While digging around for some long lost figures for Bill Protz, I came upon a model designed by Joe Morschauser, which in turn caused me to dig out my old issues of War Game Digest to locate this article…
OLD TIME TANKS IN WAR GAMES
War Game Digest, winter 1962
By Joe Morschauser
I have often wondered why there is such a separation between the modern and the Musket period war game. For some strange reason war gamers fight either Napoleonic or 1898 type musket games or are completely devoted to late WWII modern games. With the exception of one article by Tony Bath of England on 1930 period “modern” games, almost nothing has appeared in WGD or other war game literature on “between-the-wars” type war gaming. This I think is a crying shame.
The period extending from about 1920 to 1940 is loaded with exciting possibilities for war gamers. There were countless “little wars” during this span of time. The period was one of exciting experimentation in the use of armor and tanks and there was an almost obsessive desire on the part of all national commanders to avoid the trench slaughter that WWI had brought. Then too the depression of the 1930s put a brake on the designing and building of “big” heavy equipment so that most of these between-the-wars” wars were fought with small tanks, small guns and lots of the old musketry and guts of the pre-WWI days.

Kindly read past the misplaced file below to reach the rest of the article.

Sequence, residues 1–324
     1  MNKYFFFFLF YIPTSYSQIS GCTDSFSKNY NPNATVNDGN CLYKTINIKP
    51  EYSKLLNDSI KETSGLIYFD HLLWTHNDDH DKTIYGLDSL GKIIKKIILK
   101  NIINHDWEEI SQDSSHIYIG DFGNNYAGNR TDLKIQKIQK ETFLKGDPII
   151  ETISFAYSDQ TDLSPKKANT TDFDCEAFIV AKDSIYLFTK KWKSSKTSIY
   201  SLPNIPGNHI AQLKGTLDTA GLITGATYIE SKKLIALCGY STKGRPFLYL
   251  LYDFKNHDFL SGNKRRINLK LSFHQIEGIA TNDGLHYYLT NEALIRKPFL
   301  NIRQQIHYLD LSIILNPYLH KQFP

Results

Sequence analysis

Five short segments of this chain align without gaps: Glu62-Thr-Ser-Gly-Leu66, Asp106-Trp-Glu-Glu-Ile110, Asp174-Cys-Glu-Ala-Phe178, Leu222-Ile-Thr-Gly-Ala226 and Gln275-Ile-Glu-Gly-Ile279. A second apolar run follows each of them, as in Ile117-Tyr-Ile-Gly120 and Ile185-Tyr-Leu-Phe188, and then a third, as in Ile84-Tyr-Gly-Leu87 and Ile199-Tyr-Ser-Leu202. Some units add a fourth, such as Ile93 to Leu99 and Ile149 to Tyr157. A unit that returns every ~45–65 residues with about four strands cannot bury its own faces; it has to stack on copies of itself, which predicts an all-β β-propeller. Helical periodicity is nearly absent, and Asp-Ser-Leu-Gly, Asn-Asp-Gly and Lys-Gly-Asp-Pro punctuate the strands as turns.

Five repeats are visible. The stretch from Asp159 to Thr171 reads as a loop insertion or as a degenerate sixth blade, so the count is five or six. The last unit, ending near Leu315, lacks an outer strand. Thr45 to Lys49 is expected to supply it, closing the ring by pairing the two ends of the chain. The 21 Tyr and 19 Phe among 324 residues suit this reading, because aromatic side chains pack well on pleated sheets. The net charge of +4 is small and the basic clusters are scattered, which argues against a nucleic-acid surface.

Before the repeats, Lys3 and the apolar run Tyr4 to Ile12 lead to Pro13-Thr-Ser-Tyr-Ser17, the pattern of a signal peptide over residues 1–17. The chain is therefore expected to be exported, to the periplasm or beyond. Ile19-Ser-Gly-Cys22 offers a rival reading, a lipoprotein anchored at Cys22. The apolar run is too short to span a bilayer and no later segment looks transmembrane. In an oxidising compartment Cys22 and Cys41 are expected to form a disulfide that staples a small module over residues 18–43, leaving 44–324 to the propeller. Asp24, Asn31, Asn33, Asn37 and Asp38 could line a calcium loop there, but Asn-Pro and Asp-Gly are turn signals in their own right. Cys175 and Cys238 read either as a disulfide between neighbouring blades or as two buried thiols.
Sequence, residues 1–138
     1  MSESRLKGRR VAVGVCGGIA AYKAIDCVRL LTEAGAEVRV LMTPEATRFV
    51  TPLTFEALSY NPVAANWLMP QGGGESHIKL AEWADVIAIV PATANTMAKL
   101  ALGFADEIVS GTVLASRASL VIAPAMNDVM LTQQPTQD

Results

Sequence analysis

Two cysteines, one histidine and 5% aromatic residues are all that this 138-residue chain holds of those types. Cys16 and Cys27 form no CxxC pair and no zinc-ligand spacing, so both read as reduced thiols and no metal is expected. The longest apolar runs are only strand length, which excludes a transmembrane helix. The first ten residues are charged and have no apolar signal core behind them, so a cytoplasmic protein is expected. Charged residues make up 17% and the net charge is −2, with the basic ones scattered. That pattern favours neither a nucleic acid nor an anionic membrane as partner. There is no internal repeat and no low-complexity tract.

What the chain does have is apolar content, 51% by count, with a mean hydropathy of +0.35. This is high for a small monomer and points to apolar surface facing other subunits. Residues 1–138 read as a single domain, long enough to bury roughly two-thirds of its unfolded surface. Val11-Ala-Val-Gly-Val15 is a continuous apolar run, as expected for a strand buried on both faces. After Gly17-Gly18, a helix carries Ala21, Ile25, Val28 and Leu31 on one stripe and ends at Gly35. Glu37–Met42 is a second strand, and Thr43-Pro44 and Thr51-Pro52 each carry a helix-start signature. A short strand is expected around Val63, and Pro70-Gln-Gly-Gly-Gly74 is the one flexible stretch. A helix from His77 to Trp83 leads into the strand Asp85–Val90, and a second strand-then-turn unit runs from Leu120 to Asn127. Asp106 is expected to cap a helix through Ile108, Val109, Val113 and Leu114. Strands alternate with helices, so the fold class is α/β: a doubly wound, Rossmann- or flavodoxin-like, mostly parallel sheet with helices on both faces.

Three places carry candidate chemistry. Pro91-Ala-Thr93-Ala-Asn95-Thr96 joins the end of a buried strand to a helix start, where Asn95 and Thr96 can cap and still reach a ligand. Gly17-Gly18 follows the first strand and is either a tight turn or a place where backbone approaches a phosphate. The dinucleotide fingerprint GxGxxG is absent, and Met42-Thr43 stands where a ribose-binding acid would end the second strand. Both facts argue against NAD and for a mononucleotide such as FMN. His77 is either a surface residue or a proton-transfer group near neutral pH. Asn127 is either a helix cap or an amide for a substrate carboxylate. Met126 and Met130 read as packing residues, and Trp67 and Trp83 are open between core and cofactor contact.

There is just no good reason why war garners should not re-fight: The Italian/Ethiopian War; The Spanish Civil War; The Russo/Japanese War of the early 1930s; The Grand Chaco War in South America between Paraguay and Uruguay; The Riff War of the French in North Africa against the Arab tribes, various British/Indian frontier actions; and The Sino-Japanese war which lead into WWII. Add to this the many “imaginary’ wars one can dream up like a Franco-British war in Africa or a Russo-British war in India and the war gamer has found himself a huge span which is almost completely ignored but one which is loaded with wonderful possibilities. The period joins the wonderful uniform possibilities of the past like those of the French Legion or the “pith helmet British” with such exciting things as fast little tankettes, truck-borne infantry and even an occasional (though very ineffective) airplane of the ‘egg-crate” variety.